First Navy Columbia-Class Nuclear-Armed Missile Sub to Arrive in 2028
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By Kris Osborn - Warrior Maven
(Washington, D.C.) They will secretly patrol the dark corners of the undersea, quietly tracking enemy movements sustaining a persistent threat of nuclear annihilation against anyone willing to launch a catastrophic first strike on the U.S. homeland.
Assured destruction keeps the peace … the fundamental paradox of nuclear strategic deterrence, a strategy well underway by the Pentagon seeking to launch a new fleet of high-tech, heavily-armed ballistic missile submarines tasked with ushering in a new era in nuclear deterrence.
The Navy has awarded a $9.5 billion deal to General Dynamics Electric Boat to build the first two Columbia-class nuclear-armed submarines, a monumental step toward ultimately building as many as 12 new boats to replace the aging Ohio-class. The first submarine is scheduled for delivery to the Navy in 2027, and the second one in 2029.
The 560-foot boats will be armed with Trident II D5 nuclear missiles, fly-by-wire, computer generated navigational controls, a stealthy X-shaped stern and ultra quieting “electric drive” propulsion. The concept with the Columbia’s is to not only architect something that will be upgraded to accommodate new nuclear missiles as they emerge, but also to construct the stealthiest submarine ever to exist. After all, remaining “undetected” is the whole point of undersea strategic deterrence, something which could correctly be characterized as an ability to maintain the ability to destroy entire cities, even countries, from undisclosed, unknown locations.
The advent of newer kinds of more sensitive sonar, undersea drones, laser scanners and yet-t0-exist methods of submarine hunting are increasingly making it much harder for submarines to remain undetected.
The new class of submarines, slated to serve well into the 2080s or even beyond, may grow beyond the 12 planned boats, depending upon how various threats evolve. The Colubmia’s will have a longer mission life by virtue of being engineered with a “life-of-core” nuclear reactor, a system which means a boat will not have to return to dock for lengthy refueling. This of course extends mission life and therefore optempo for the submarines. The new class will also incorporate some elements of the ultra high-tech Virginia-class submarines such as a fiber optic cable for periscope viewing and semi-autonomous joystick-type controls to replace the older hydraulic systems.
Many see the need for these new boats as nothing short of urgent, and the Pentagon has for years cited the Columbia-class submarine effort as DoD’s number one acquisition priority, given that the existing Ohio-class boats have served for decades beyond the original intention.
China’s rapid construction and weaponization of its new JIN-class ballistic missile submarines is also, not surprisingly, driving the effort. The PLA Navy is adding new submarines and also testing a new, even longer-range JL-3 nuclear armed missile. The existing JL-2s have a strike range as far as 4,000miles, enabling Chinese submarines to hold larger areas of the continental U.S. at risk of nuclear attack.
In today’s Ohio-class submarines, a reactor plant generates heat which creates steam, Navy officials explained. The steam then turns turbines which produce electricity and also propel the ship forward through “reduction gears” which are able to translate the high-speed energy from a turbine into the shaft RPMs needed to move a boat propeller.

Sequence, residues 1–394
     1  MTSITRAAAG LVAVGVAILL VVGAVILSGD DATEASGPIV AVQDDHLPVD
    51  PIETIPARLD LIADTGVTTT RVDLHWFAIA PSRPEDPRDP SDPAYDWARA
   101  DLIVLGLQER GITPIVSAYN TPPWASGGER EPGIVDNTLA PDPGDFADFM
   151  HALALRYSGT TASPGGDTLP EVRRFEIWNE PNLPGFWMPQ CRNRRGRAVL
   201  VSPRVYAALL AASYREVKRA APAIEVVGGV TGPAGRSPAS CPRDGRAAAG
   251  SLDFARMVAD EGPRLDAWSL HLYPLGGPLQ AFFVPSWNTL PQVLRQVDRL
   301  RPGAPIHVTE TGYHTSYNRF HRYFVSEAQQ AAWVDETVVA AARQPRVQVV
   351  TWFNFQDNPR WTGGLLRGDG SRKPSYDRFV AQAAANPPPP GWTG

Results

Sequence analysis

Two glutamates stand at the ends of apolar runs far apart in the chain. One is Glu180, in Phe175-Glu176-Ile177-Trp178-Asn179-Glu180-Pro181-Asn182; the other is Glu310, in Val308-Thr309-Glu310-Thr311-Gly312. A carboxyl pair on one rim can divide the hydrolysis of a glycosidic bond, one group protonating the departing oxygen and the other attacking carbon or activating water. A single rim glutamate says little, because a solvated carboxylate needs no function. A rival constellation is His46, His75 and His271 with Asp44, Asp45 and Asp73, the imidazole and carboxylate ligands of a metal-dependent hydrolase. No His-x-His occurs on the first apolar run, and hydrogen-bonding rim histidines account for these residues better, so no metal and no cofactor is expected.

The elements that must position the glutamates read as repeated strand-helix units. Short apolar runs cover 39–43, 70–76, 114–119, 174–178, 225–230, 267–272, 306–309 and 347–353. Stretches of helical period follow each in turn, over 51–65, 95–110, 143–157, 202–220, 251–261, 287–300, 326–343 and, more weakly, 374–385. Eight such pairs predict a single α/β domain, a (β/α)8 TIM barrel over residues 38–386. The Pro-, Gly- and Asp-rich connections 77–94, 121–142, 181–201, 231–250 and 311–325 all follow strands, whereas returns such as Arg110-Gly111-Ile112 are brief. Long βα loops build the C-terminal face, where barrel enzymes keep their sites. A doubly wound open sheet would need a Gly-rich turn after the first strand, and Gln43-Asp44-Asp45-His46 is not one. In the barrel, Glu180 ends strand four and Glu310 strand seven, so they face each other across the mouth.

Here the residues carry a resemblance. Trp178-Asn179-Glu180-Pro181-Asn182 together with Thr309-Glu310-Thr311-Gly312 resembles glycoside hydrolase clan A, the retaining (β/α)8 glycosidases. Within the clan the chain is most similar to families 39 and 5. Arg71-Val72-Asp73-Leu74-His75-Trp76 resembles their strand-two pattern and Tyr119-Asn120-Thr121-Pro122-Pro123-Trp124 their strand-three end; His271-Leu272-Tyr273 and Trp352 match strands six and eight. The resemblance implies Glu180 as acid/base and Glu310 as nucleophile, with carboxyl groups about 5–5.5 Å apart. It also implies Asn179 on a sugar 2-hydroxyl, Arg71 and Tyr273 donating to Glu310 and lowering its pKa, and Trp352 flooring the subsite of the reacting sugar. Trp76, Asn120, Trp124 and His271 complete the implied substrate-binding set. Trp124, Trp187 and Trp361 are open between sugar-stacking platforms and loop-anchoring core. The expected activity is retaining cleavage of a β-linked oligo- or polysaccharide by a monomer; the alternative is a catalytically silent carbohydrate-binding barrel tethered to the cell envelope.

“The electric-drive system is expected to be quieter (i.e., stealthier) than a mechanical-drive system,” a Congressional Research Service report on Columbia-Class submarines from earlier this year states.
Designed to be 560-feet long and house sixteen Trident II D5 missiles fired from forty-four-foot-long missile tubes, Columbia-Class submarines will use a quieting X-shaped stern configuration. The “X”-shaped stern will restore maneuverability to submarines; as submarine designs progressed from using a propeller to using a propulsor to improve quieting, submarines lost some surface maneuverability, Navy officials explained.
Navy developers explain that electric-drive propulsion technology still relies on a nuclear reactor to generate heat and create steam to power turbines. However, the electricity produced is transferred to an electric motor rather than so-called reduction gears to spin the boat’s propellers.
The use of an electric motor brings other advantages as well, according to an MIT essay written years ago when electric drive was being evaluated for submarine propulsion.
Using an electric motor optimizes use of installed reactor power in a more efficient way compared with mechanical drive submarines, making more on-board power available for other uses, according to an essay called “Evaluation and Comparison of Electric Propulsion Motors for Submarines.” Author Joel Harbour says that on mechanical drive submarines, 80-percent of the total reactor power is used exclusively for propulsion.
“With an electric drive submarine, the installed reactor power of the submarine is first converted into electrical power and then delivered to an electric propulsion motor. The now available electrical potential not being used for propulsion could easily be tapped into for other uses,” he writes.
Kris Osborn is defense editor for the National Interest*. Osborn previously served at the Pentagon as a Highly Qualified Expert with the Office of the Assistant Secretary of the Army—Acquisition, Logistics & Technology. Osborn has also worked as an anchor and on-air military specialist at national TV networks. He has appeared as a guest military expert on Fox News, MSNBC, The Military Channel, and The History Channel. He also has a Masters Degree in Comparative Literature from Columbia University.*